Happy National Potato Day – and beware! You may be keeping an eye out for those oversize zucchinis in this hot weather, but those potatoes can sneak right up on you.
Well, it’s a day late (And a dollar short) – probably too much Relaxation Day (Aug 15).
I’ve been pondering doing a series of days worth celebrating. Here’s the first: August 13 – National Bowling Day!
A summer’s preoccupation in watercolor. I am slowly coming to appreciate the massive variety in bees. How did I not see it before??
Working in the garden lets me consider what all is going on underground. This is a quick reflection on the unseen. Acrylic on watercolor paper.
Gouache and ink. This is a study looking at a couple of the different types and shapes of bees and bumblebees.
I have been using watercolor paper as the background for this series of acrylic paintings. The paper has a nicely smooth texture for the paint that makes slide onto the paper. I can then build up lots of color as a glaze layers.
Summer in the South is an almost tropical experience. Everything grows and grows and grows. I used to be completely lost in the colors of the flowers, but now I find myself becoming intrigued by the patterns of the foliage. This painting experiments with both.
Continuing experiments with acrylic paints. I have been using matte medium, since I don’t like the sheen and plastic-feel of acrylics. I could use Acrylic gouache, but I am not wild about the lack of intensity of the colors in most acrylic gouache – and there is the cost. Why is acrylic gouache so darned expensive???
Cats tend to assume that they are invisible, but if you look hard, you can still find them. This painting is in acrylics. I am intending to do some larger works on canvas and gouache just won’t work for that, so I am staring to learn to use acrylics. Transparency is the biggest issue. Gouache gives lush rich color. Acrylics seem to take many many coats (and I am reportedly using the ‘good stuff’ – Golden artist quality). There’s a learning curve, definitely.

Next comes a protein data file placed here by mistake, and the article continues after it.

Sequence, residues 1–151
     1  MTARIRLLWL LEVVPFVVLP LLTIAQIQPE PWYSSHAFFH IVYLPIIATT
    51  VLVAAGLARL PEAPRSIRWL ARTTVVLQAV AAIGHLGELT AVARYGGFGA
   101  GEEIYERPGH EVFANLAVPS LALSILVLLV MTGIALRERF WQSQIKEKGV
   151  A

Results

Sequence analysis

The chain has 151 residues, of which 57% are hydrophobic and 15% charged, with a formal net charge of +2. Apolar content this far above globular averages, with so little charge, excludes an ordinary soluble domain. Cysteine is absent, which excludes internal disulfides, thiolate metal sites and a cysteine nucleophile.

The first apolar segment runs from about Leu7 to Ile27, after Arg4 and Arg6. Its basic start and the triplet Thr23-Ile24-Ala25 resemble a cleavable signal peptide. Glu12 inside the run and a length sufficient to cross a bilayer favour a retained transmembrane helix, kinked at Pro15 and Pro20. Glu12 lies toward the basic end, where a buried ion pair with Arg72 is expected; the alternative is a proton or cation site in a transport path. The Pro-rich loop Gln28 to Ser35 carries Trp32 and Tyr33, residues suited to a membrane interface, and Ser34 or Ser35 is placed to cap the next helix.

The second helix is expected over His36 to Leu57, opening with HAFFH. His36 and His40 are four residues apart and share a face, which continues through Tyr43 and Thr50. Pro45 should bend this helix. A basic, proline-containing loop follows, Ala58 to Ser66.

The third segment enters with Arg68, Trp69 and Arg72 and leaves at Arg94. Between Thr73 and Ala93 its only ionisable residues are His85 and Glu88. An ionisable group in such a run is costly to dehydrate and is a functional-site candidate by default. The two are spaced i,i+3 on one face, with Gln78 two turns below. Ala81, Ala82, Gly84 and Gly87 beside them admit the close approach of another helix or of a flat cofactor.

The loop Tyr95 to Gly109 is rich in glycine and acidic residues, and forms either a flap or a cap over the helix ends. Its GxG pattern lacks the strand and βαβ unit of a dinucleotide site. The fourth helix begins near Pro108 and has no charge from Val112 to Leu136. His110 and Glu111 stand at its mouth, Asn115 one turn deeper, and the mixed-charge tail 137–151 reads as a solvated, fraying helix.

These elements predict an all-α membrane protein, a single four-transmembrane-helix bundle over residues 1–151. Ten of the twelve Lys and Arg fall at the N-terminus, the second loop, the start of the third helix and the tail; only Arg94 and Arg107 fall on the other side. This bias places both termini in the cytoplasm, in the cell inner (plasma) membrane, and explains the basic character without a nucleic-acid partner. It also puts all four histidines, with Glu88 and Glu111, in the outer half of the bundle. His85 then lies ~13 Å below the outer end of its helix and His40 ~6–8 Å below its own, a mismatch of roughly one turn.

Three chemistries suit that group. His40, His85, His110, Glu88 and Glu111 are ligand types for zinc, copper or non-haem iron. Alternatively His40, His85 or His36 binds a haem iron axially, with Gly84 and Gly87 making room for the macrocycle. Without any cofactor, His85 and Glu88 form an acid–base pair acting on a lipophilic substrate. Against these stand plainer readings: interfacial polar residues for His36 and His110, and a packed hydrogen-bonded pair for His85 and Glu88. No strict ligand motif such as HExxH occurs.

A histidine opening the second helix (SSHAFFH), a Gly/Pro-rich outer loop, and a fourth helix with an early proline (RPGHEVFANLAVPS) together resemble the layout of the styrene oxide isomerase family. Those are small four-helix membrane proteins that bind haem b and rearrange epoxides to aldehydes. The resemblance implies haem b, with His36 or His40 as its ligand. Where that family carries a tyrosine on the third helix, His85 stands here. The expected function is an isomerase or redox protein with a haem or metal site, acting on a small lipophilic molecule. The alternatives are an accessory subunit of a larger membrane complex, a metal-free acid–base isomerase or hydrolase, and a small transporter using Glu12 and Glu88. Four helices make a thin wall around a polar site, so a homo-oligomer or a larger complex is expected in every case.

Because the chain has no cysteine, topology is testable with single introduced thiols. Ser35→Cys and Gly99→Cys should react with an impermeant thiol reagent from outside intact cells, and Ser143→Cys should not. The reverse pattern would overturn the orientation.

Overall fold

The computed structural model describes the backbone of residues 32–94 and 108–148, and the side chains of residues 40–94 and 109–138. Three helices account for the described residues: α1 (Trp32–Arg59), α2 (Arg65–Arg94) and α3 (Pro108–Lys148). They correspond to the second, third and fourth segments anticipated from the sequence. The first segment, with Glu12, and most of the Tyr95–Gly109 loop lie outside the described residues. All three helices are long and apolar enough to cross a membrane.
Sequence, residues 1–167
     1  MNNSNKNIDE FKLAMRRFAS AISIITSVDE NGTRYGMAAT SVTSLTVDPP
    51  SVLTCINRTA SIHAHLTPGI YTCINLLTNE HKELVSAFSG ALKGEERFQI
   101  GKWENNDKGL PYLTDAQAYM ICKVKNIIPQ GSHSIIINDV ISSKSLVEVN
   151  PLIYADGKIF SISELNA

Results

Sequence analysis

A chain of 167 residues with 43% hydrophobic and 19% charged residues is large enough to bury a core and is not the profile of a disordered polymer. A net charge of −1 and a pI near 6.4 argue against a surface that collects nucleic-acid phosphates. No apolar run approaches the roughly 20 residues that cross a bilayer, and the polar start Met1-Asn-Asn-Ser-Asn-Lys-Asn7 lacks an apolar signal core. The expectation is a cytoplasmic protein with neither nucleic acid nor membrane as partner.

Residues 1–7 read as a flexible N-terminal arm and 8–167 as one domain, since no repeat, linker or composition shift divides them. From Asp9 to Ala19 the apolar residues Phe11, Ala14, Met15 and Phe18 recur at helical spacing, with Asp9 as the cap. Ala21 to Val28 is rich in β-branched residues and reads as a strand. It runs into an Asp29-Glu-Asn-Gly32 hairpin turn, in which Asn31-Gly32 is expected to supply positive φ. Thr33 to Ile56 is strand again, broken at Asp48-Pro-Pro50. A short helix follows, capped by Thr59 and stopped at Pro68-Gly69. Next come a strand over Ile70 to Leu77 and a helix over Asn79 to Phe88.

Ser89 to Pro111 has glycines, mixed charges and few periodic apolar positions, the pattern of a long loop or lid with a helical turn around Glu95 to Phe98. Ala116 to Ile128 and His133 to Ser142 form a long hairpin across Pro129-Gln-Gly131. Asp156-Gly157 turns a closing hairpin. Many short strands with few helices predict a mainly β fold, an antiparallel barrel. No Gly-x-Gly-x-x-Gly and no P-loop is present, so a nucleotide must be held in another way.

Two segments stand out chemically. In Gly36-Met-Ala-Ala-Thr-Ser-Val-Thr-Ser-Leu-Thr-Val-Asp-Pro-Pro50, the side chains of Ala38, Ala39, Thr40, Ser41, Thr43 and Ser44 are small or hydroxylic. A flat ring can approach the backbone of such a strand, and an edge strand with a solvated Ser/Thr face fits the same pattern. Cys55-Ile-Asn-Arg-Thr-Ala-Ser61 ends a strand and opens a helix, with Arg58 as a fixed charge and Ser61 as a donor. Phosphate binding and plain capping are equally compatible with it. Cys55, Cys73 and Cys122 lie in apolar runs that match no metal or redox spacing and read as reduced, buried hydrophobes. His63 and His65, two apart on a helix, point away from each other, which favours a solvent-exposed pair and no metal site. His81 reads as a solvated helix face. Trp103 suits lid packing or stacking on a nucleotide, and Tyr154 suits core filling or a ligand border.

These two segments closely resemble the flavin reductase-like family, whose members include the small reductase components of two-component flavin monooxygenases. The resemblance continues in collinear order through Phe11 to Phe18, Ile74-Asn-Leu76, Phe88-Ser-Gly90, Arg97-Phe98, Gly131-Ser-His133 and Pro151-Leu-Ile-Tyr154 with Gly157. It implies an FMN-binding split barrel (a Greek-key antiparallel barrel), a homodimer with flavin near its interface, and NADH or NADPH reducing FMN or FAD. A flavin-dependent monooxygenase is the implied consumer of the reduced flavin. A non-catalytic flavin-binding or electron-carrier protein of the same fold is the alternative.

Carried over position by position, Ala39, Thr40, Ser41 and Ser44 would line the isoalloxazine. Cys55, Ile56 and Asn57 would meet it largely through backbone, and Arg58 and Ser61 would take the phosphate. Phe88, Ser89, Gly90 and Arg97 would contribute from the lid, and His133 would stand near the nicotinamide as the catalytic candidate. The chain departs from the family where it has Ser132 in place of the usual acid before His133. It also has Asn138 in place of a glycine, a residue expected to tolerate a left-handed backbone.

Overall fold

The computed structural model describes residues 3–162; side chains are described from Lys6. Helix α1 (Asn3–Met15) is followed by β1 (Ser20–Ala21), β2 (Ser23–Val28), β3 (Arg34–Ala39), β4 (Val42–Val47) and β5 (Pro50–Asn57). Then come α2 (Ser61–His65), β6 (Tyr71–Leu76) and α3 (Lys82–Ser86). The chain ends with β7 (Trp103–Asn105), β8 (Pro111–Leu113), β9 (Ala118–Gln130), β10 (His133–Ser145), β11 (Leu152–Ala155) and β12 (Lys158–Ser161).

Summer in the South means that everything is green and thriving. I grew up on the desert, dodging tumbleweeds and squinting into the glare. The richness and color of a Southern summer just amazes me.
Bluebird fantasy landscape. This is what happens when you watch your bird feeders for too long.. The birds are no longer worried about me. They just watch right back.
In the spring, it seems that everything in Charleston, South Carolina is in bloom. The magnolia and jasmine make the air sultry sweet. Color is bursting our everywhere. This painting was inspired by a tiny patch of garden that was past its prime – there’s a tulip stem, but no flower. Yet it was a splash of color.
This was done a couple weeks ago and was one of my first experiments in using gouache on a toned drawing paper instead of white watercolor paper. The smoothness of the page is great for gouache. Since this was just after Mother’s Day (and I have a sweet family), a fanciful bouquet was the perfect painting inspiration.
Still stuck in the rain, but fluttering leaves of a summer lettuce. This is another gouache painting 8″ x 8″
For the second year in a row, we have bluebirds nesting in a house attached to the outside of our screened deck. They are great birds to watch, particularly the way their color changes in the sunlight.
Dandelions can be weeds or gorgeous, amazing flowers. Your viewpoint depends mostly on how your lawn. My lawn is so shady that even dandelions don’t stand a chance. I’ve grown over the years to have a deep affection for them.
Gouache painting: 8″ x 8″
Well, it’s not actually raining in the painting, but it has been raining here for 5 days straight, which is odd since I am neither in Seattle nor London. The good news is that I have gotten a lot of painting done while being stuck inside. This is the first of a series of 8″ x 8″ paintings in gouache.
Butterflies and beetles – a watercolor for summer
Watercolor and gouache
A kingfisher for spring. Watercolor and gouache.
Life just gets busy. I have been working on a new series of paintings this past month. All of them are watercolor birds with gouache patterned backgrounds.
Gouache is not the easiest medium to take up. Trying to blend gouache tends to give chalky, stiff messes. But I am finding that I am enjoying creating bold patterened backgrounds, which are in contrast to the more realistic bid paintings. This bird is a bit of a fantasy. I started out with a flicker and then just went astray with hte colored feathers.
Growing my butterflies collection for #colour_collective
The blue jay (Cyanocitta cristata) is a passerine bird in the family Corvidae, native to North America – there are lots in my yard in the winter
Butterflies in watercolor and gouache for #colour_collective